Feminists Must Advance Immigrants' Rights as Women's Rights

Americans of all backgrounds have a chance to work together in solidarity, and women must take the lead, not follow the naysayers or incrementalists.
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Fault lines run along color lines in American public life, and the women's movement is no exception. Over the years, feminism has become more inclusive but there is still hard work to be done to include LGBT women and communities of color.

Nothing will test the political will of our movement or our country more than the way in which we welcome our newest Americans and bring the undocumented out of the shadows into the light of first class citizenship with all its rights and responsibilities.

First things first: feminists have to join the fight.

"I'm so glad you mentioned immigration as a women's issue," said the California Democratic Party convention delegate who had emigrated from Mexico, "because if you hadn't I was going to call you out." We had just finished screening the April 13 west coast premiere of The Dream Is Now to 500 rapt activists at the Women's Caucus and unanimously pledged to support both comprehensive immigration reform and -- via a motion made by Sandra Fluke -- a California Domestic Workers' Bill of Rights. Believe it or not, many women's rights advocates don't see immigrants' rights as a "women's issue" either out of privilege or unfamiliarity. Hence the male feminist's comment to me (and as it turned out, to Sandra Fluke as well). That must change -- you cannot call yourself a feminist if you do not advance feminism for all, regardless of color or class or creed or immigrant status.

Second, feminists must push for the most women-friendly immigration bill possible.

As the Senate begins debate on the Gang of Eight bill (a "Gang" with ZERO female members) we must, as Abigail Adams once wrote to her husband, insist that Congress "remember the ladies." This means including policy choices for secure borders, good-paying jobs for all workers, ending human trafficking, sanction exploitative employers, fix the legal immigration system, and create a path to citizenship with equal rights for LGBT Americans and visas to battered women promised during the debate over the Violence Against Women Act. Women are the majority of immigrants yet the minority of immigrant employment visas; immigrant and native born women who work in the service arena -- such as domestic workers -- are not valued for their work, making pennies on the dollar compared to male counterparts;and, women are disproportionately affected by family reunification policies.

Remember the work we did to finally (as in 500 days late) reauthorize the Violence Against Women Act? Visas for battered immigrant women -- known as "U-visas" -- were taken out of VAWA but promised for immigration reform. Now is the time. Revitalize those VAWA coalitions because the same bigotry manifest in opposition to immigrant visas and lesbian victim protections will rear its ugly head now. With immigration reform as with VAWA, we must refuse to be pitted against each other and instead work together for the common good.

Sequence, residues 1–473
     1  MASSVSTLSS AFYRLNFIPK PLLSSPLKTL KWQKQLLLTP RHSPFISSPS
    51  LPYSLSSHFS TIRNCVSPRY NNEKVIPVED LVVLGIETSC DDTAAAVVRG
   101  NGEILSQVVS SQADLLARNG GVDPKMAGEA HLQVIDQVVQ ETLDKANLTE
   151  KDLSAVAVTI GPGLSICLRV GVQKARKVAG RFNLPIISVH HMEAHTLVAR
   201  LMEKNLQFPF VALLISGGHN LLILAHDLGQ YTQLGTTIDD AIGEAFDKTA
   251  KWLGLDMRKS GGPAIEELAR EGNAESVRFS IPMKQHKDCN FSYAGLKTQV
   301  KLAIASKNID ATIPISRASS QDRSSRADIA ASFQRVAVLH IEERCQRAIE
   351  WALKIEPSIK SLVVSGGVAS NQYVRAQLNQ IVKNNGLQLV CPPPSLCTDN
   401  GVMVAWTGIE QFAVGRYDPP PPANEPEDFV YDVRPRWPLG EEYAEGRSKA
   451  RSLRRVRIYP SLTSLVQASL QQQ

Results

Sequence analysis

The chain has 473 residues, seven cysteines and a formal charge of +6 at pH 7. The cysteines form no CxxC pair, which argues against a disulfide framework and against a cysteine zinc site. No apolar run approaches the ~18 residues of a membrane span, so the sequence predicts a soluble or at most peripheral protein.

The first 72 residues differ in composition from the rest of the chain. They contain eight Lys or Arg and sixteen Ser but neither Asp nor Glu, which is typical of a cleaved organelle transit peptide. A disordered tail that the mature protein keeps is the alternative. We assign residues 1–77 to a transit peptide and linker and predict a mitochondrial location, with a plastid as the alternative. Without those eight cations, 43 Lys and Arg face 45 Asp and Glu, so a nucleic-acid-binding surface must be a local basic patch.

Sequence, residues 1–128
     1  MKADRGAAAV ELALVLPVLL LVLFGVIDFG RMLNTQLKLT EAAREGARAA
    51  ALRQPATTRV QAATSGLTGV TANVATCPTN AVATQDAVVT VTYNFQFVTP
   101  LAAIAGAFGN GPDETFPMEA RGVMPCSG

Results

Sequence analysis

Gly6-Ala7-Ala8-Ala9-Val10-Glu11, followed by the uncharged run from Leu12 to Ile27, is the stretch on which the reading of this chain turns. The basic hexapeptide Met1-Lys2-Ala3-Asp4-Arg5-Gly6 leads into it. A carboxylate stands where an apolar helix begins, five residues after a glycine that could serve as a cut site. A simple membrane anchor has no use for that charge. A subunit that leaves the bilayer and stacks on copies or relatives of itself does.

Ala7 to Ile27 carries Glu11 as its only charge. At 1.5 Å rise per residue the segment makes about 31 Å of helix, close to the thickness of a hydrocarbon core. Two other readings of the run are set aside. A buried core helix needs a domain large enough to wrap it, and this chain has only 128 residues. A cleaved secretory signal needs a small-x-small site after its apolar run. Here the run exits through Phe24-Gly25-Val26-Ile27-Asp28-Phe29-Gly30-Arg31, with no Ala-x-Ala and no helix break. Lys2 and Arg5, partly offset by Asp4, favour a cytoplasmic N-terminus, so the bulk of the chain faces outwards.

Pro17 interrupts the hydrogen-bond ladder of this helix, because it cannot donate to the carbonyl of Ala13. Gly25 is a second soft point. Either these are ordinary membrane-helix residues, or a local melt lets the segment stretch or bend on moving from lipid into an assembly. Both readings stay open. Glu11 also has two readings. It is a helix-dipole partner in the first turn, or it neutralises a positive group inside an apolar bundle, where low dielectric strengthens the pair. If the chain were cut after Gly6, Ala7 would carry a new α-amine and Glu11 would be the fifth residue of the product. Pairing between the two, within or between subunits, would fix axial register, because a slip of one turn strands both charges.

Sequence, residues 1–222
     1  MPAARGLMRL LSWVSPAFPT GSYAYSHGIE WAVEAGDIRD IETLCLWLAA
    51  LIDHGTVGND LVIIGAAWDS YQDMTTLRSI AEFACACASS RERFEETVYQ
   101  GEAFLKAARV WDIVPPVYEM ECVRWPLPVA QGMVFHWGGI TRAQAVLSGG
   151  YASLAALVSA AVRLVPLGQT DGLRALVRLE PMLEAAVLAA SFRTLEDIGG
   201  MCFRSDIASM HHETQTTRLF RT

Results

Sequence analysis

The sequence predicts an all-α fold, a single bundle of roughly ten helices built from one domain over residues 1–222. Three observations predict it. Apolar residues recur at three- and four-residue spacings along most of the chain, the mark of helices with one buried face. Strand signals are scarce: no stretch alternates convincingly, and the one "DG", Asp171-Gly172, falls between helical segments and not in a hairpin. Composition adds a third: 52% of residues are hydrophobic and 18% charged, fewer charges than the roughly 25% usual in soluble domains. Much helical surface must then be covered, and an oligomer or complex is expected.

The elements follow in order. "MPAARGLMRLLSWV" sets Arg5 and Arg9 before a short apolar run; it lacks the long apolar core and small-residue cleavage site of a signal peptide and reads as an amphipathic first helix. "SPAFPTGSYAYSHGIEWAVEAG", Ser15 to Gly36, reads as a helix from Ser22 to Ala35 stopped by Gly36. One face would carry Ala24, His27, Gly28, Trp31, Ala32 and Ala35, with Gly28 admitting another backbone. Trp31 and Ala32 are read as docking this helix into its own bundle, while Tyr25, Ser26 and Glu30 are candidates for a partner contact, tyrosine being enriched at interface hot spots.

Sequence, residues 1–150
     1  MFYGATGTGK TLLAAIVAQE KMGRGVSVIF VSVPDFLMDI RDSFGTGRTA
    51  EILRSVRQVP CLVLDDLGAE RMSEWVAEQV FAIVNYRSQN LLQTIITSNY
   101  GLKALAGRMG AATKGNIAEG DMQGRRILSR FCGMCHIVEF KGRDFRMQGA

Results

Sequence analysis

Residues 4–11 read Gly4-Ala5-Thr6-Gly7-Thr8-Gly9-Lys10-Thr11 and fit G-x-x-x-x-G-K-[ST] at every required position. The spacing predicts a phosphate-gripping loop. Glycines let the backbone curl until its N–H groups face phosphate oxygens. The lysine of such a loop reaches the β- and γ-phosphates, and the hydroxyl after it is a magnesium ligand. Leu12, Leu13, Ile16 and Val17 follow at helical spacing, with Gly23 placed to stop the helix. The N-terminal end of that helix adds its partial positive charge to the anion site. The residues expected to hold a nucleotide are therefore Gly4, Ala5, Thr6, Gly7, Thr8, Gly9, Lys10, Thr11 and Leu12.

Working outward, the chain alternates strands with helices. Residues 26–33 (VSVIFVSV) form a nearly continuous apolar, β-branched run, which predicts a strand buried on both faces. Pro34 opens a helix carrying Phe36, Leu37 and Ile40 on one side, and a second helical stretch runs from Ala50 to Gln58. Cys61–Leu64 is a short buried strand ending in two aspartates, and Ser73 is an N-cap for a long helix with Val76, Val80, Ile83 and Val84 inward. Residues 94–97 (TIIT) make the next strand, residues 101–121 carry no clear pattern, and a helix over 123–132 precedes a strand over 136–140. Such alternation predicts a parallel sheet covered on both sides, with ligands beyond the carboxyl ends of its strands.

Remember the Dreamers whose patriotism was praised when the Democratic House passed, and the Senate filibustered -- the DREAM Act in 2010? Washington promised a path to citizenship, not just a roadblock to deportation. Now is the time to officially embrace DREAMers and their families as Americans with no less an opportunity to serve and contribute.

Remember the promise we all recite "with liberty and justice for all" in the Pledge of Allegiance? Now is the time to include immigration equality. We cannot merely hope that the Supreme Court will overturn the odious Defense of Marriage Act (DOMA) and lend Constitutional support -- we have to push for what we know is Constitutional now and include our LGBT sisters and brothers in reform. President Barack Obama has commendably said immigration equality "is the right thing to do" and we must fight to make immigration equality the law of the land.

Already some beltway types are saying "don't press too hard for equality" or "let's slow down after Boston" (as if a handful of Caucasian terrorists have anything to do with millions of Asians and Irish and Latino and European immigrants who have done us no harm) or the most sexist, "let the Gang of Eight" men do the talking. Thanks but no thanks. Women must stand and speak for ourselves and all our sisters -- including our immigrant sisters. Thankfully the House immigration discussion involves female leadership but too many women's voices are still not being heard. If we say we believe in equality for all then we must fight for equality for all not betray our immigrant sisters.

Americans of all backgrounds have a chance to work together in solidarity, and women must take the lead, not follow the naysayers or incrementalists. Feminists male and female must advance immigrants' rights as women's rights. We must not let bigotry or Boston stop us from doing what we know is right -- what we pledge is right -- liberty and justice for all.

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